Hawke's Bay school leaders are gearing up to welcome students back at level 2.
The Prime Minister announced on Thursday that early education centres, tertiary education and schools including Years 11-13 would be open at level 2.
The news is welcomed by educators in the region who want kids to return to school.
If it was announced next Monday that we would move to level 2 on Wednesday, schools would be open the following week Monday, May 18.
Students are still expected to remain at home if they are sick and good hygiene such as hand washing is needed.
"We want to bring back as many kids as we can. They need to be at school, they want to be at school, and we want to see them," Napier Boys' High School principal Matt Bertram said.
Bertram wanted further clarity from the Government and Ministry of Education about what physical distancing would look like in schools.
The guidelines given by the Government today for hospitality were really clear and he hoped the same would be given for education.
Physical distancing regulations were especially critical for boarding schools, he said.
"If you say there needs to be a metre physical distancing in classrooms, what's the point in telling us we are open? Because we can't be open.
"If they are going to insist on the 2 metres physical distancing in a hostel, we can't bring 180 boarders back so therefore we are not open."
"Where possible physical distancing is a good precaution," the Prime Minister said.
"We do, however, know that it is near impossible in an early learning environment and challenging in schools. So good hygiene practices and regular cleaning are even more important here," she said.
President of the New Zealand Principals' Federation and Hastings Intermediate principal, Perry Rush, said the announcement was exciting.
When students return to school the different needs of different pupils will need to be responded to, Rush said.
He said there is a concern for students who were in remedial situations before lockdown and that these students would need close assessment when they return to determine if they will need further support.
The mental health impacts of the lockdown and returning to school on students would be dealt with by schools powering up help strategies.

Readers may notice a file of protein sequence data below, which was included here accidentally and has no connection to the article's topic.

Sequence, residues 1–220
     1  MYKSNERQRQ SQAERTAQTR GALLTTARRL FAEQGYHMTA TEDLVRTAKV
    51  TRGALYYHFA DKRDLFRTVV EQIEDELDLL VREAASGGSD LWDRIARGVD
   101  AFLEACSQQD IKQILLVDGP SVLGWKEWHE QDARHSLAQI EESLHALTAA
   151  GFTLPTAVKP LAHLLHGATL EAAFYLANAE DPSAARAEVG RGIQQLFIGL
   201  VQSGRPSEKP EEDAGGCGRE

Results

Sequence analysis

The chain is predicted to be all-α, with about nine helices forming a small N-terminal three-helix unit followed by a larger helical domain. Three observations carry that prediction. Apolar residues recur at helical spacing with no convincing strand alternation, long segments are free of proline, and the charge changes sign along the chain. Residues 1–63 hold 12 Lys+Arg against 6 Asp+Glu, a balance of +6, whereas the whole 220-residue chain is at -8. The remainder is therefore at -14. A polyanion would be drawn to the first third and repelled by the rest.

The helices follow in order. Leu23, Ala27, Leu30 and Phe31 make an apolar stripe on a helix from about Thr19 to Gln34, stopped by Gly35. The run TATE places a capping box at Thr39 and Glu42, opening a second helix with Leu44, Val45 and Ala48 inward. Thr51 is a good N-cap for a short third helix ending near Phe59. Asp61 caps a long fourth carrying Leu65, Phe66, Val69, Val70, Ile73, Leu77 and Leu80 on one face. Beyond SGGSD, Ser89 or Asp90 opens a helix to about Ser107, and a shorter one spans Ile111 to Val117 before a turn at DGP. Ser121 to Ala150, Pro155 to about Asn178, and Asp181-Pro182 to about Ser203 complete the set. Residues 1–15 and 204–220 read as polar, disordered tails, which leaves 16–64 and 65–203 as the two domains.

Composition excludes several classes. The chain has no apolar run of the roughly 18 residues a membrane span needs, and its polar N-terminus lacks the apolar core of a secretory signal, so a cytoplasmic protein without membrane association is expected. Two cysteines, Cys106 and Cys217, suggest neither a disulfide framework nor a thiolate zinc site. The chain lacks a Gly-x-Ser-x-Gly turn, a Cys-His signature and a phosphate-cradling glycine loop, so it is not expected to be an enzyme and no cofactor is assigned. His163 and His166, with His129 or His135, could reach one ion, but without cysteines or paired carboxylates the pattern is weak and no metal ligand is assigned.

"It's quite vital that it's not just business as usual and let's pretend this never happened.
"It is very important that there is some recognition that this has been an international medical crisis and it is ongoing," he said.
The key message from both the Prime Minister and educators is that schools are safe to return to at level 2.
"Schools and early learning services are safe environments for children, young people and staff. Additional public health control measures are in place to prevent the spread of disease and to support contact tracing," the Prime Minister said.
"It is very important parents understand that that is based on high quality public health advice."
Rush said the public health advice through the pandemic had been clear, consistent and it was advice they were able to trust.
"We encourage parents to return students to school and we are confident that they can do so safely."
As for whether school would be optional, Bertram and Rush agreed that open would mean open and if students were healthy, they would return to school and lessons as normal but more clarification from the Government was needed.
Rush said it was interesting the Prime Minister had not placed limitations on who could return and who could stay home so there was an expectation that all students would get back to school.
Numbers of pupils attending school during level 3 has been low.
In Hawke's Bay/Tairawhiti 720 students, 2 per cent of the school roll, attended school today.